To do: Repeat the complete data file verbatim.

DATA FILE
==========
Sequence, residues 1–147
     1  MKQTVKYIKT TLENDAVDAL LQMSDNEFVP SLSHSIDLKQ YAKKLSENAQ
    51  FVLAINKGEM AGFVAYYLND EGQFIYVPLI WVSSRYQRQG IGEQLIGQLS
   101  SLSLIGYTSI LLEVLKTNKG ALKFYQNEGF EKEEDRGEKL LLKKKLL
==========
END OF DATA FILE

Sequence, residues 1–147
     1  MKQTVKYIKT TLENDAVDAL LQMSDNEFVP SLSHSIDLKQ YAKKLSENAQ
    51  FVLAINKGEM AGFVAYYLND EGQFIYVPLI WVSSRYQRQG IGEQLIGQLS
   101  SLSLIGYTSI LLEVLKTNKG ALKFYQNEGF EKEEDRGEKL LLKKKLL